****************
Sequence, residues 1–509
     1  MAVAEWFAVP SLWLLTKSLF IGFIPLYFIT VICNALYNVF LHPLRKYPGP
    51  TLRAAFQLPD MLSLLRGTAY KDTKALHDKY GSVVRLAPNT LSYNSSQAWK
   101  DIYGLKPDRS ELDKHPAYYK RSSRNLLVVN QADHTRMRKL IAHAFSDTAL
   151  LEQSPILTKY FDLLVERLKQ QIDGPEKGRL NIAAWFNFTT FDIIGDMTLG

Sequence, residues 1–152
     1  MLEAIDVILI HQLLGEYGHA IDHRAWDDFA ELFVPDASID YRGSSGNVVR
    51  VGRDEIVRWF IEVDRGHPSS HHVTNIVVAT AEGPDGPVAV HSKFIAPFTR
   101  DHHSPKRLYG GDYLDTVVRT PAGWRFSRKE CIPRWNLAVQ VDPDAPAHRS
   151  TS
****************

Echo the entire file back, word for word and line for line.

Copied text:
Sequence, residues 1–509
     1  MAVAEWFAVP SLWLLTKSLF IGFIPLYFIT VICNALYNVF LHPLRKYPGP
    51  TLRAAFQLPD MLSLLRGTAY KDTKALHDKY GSVVRLAPNT LSYNSSQAWK
   101  DIYGLKPDRS ELDKHPAYYK RSSRNLLVVN QADHTRMRKL IAHAFSDTAL
   151  LEQSPILTKY FDLLVERLKQ QIDGPEKGRL NIAAWFNFTT FDIIGDMTLG

Sequence, residues 1–152
     1  MLEAIDVILI HQLLGEYGHA IDHRAWDDFA ELFVPDASID YRGSSGNVVR
    51  VGRDEIVRWF IEVDRGHPSS HHVTNIVVAT AEGPDGPVAV HSKFIAPFTR
   101  DHHSPKRLYG GDYLDTVVRT PAGWRFSRKE CIPRWNLAVQ VDPDAPAHRS
   151  TS